The Regulation of Hunting: A Population Tax
Jens Abildtrup () and
Frank Jensen ()
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Frank Jensen: Institute of Food and Resource Economics, University of Copenhagen
No 2012/2, IFRO Working Paper from University of Copenhagen, Department of Food and Resource Economics
Within hunting, wildlife populations are estimated to be too high in many countries which is assumed to be due to the market failure, that each hunter harvests too little compared to what the regulator wants. This may be due to the existing regulation which, among other things, requires knowledge of the individual harvest. However, information about the individual harvest may be costly to obtain. Thus, we may have to look for alternatives to the existing system. This paper proposes a population tax/subsidy as an alternative which is the difference between the actual and optimal population multiplied by an individual, variable tax rate. The variable tax rate is, among other things, based on the difference in marginal value of the population between the hunter and the regulator. The paper shows that the population tax/subsidy secures a first-best optimum. Thus, the population tax is a good alternative to the existing regulation.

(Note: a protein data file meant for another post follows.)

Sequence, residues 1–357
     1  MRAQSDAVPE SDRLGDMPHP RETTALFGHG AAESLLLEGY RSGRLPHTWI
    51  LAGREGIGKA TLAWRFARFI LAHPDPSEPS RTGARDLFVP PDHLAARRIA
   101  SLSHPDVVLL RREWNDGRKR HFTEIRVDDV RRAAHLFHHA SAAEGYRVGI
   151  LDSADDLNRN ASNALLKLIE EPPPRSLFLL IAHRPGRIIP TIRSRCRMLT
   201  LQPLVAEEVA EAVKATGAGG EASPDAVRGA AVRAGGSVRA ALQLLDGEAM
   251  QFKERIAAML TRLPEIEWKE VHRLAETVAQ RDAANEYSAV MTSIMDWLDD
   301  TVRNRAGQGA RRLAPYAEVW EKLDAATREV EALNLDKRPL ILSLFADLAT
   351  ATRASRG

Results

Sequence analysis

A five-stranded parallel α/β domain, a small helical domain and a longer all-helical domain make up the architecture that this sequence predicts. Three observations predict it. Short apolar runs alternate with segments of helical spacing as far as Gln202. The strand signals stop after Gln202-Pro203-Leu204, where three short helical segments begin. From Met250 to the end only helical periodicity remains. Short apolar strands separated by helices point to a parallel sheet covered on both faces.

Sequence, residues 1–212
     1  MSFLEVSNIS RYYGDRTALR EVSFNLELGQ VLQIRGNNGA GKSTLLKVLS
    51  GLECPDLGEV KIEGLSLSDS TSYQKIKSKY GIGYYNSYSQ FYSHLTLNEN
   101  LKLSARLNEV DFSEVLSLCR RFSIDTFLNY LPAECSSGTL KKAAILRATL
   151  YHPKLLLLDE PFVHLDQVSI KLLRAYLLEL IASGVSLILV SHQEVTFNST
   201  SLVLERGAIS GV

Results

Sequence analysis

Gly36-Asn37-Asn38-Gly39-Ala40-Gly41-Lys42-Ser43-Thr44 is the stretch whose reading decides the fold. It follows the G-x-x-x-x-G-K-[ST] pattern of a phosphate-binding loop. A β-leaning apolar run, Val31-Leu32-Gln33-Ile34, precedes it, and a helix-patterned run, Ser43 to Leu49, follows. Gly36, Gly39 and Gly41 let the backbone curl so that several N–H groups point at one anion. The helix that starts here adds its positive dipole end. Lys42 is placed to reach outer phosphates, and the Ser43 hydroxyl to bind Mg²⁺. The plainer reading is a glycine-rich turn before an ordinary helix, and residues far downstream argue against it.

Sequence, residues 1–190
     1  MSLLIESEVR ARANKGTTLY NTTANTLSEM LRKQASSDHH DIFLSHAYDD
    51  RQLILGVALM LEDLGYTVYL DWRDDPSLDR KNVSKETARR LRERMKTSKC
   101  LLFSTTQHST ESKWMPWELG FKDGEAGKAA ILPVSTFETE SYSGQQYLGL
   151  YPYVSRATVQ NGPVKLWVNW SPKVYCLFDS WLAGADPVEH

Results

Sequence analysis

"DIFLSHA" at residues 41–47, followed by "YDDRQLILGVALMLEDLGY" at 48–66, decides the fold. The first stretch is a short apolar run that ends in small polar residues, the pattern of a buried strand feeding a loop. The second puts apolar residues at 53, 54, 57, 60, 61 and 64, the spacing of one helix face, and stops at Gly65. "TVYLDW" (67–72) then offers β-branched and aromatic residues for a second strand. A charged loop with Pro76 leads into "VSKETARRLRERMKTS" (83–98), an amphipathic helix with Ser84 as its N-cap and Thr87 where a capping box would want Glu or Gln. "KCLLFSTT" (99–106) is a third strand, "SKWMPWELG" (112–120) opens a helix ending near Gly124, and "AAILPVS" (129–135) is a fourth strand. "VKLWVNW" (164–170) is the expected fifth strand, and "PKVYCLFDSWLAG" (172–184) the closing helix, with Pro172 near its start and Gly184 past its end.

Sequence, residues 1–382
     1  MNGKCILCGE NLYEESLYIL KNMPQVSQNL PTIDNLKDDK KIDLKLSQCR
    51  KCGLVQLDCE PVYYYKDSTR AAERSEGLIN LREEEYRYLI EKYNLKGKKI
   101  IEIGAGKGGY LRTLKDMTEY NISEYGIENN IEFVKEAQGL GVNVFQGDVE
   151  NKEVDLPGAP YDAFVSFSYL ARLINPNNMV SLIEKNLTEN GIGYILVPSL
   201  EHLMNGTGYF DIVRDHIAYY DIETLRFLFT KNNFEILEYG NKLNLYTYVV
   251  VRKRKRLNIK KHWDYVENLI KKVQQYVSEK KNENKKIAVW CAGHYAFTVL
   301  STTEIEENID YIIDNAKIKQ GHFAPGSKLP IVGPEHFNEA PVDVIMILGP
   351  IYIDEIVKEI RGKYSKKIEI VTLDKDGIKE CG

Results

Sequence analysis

Pages: 23 pages
New Economics Papers: this item is included in nep-acc, nep-pbe, nep-pub and nep-reg
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